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Philae (Rosetta Lander): Experiment status after commissioning

Advances in Space Research
Publication Date
DOI: 10.1016/j.asr.2006.09.016
  • Comets
  • Rosetta
  • Philae
  • Lander
  • Solar System
  • In Situ Experiments
  • Chemistry
  • Earth Science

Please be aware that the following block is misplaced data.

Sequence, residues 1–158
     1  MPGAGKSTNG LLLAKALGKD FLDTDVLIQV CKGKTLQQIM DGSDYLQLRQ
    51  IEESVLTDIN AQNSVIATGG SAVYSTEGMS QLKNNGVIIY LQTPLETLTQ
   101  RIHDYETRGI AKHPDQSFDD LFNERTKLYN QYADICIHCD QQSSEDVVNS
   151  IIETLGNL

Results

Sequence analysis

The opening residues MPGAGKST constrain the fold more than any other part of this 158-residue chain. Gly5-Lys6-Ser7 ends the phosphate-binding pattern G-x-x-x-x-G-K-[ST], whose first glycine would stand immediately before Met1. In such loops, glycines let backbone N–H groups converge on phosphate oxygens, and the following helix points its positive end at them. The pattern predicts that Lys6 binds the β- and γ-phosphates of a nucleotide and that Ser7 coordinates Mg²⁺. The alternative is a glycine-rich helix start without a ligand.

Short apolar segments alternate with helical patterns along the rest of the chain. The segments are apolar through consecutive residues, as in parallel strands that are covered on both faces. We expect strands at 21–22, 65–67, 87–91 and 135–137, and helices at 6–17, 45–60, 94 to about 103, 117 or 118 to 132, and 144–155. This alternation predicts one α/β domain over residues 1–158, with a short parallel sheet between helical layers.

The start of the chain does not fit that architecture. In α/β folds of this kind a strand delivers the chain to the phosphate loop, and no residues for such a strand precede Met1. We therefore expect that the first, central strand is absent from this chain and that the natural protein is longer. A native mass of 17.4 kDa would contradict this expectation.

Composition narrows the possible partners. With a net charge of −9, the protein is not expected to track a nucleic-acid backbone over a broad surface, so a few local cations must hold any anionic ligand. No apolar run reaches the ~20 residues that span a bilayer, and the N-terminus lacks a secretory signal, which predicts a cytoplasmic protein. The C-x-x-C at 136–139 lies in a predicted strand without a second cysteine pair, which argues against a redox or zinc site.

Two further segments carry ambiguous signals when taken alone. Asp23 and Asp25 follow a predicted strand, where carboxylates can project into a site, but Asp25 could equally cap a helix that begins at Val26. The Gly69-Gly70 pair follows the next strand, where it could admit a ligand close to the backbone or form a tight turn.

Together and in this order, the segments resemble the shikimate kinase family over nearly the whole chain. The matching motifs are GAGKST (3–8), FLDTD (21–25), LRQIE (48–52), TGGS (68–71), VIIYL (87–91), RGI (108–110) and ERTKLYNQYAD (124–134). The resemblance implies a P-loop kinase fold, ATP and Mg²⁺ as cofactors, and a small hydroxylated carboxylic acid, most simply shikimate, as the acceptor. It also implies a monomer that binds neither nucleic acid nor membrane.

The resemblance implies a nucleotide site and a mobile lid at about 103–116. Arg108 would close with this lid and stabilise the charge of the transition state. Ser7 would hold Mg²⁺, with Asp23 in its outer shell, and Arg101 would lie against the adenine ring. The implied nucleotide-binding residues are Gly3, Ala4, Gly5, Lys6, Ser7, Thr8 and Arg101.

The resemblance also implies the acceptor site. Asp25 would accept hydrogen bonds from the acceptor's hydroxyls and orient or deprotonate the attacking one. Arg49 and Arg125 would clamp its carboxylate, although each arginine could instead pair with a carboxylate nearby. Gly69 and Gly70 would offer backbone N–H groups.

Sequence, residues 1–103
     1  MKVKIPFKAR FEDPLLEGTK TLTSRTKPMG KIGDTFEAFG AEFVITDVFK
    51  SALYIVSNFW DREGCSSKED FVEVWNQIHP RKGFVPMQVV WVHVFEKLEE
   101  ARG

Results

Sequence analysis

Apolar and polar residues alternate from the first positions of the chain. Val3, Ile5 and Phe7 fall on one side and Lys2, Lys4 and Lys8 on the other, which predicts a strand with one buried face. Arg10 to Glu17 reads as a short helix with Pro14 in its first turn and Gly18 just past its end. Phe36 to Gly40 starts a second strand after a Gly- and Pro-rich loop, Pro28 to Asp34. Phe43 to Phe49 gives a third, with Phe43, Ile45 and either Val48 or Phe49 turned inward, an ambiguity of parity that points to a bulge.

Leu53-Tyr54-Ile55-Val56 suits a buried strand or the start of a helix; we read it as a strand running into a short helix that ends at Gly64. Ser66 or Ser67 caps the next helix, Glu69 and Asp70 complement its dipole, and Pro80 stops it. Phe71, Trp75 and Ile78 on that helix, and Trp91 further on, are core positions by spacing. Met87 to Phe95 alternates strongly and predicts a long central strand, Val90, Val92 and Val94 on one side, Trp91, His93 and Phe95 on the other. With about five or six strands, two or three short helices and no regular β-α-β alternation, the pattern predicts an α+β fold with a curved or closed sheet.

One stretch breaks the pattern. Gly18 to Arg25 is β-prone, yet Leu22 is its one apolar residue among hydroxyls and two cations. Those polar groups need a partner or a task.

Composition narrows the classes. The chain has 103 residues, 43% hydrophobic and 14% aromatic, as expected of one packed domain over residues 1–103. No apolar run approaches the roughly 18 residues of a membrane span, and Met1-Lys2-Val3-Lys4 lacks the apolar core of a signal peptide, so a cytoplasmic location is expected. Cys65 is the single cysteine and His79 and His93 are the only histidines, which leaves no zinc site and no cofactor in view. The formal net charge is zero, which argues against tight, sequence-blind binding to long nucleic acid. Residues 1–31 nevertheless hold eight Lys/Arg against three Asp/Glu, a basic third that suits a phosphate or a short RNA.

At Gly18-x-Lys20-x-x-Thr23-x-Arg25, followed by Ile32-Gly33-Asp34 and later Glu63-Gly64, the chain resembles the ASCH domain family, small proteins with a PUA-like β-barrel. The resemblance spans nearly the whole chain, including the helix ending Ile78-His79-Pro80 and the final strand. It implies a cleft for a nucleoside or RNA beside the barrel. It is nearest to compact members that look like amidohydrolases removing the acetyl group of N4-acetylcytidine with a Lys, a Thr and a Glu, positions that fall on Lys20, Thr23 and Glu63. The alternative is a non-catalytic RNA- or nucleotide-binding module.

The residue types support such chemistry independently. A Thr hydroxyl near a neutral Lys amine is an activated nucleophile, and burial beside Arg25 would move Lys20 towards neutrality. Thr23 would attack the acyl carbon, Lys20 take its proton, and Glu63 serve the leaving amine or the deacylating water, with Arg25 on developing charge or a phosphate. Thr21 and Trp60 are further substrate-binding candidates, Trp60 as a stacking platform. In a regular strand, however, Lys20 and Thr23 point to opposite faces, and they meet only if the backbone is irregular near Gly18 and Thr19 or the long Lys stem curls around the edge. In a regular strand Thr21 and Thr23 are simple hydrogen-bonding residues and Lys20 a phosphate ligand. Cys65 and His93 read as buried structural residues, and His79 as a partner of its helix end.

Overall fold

Abstract Being successfully launched on March 2, 2004, ESA’s cornerstone mission “ROSETTA” (originally planned to be launched in January 2003 to comet Wirtanen) is en route. It will also bring the 100 kg Lander “Philae” with a scientific payload of 26.7 kg to the surface of comet 67P/Churyumov-Gerasimenko. After a first scientific sequence in 2014 it will operate for a considerable fraction of the cometary orbit around the sun (between 3 AU and at least 2 AU). The Lander, after separation, is an autonomous spacecraft powered with solar cells and using the ROSETTA Orbiter as a telemetry relais to Earth. The main scientific objectives are the in situ investigation of the chemical, elemental, isotopic and mineralogical composition of the comet, study of the physical properties of the surface material, analyze the internal structure of the nucleus, observe temporal variations (day/night cycle, approach to sun), study the relationship between the comet and the interplanetary matter and provide ground truth data for the Orbiter instruments. Ten experiments with a number of sub-experiments are foreseen to fulfil these objectives. Philae is operated (via ESOC) by the Lander Control Centre (LCC) at DLR and the Science Operations and Navigation Centre (SONC) at CNES. In this paper we present the flight status of the scientific instruments as it is known after in-orbit commissioning.

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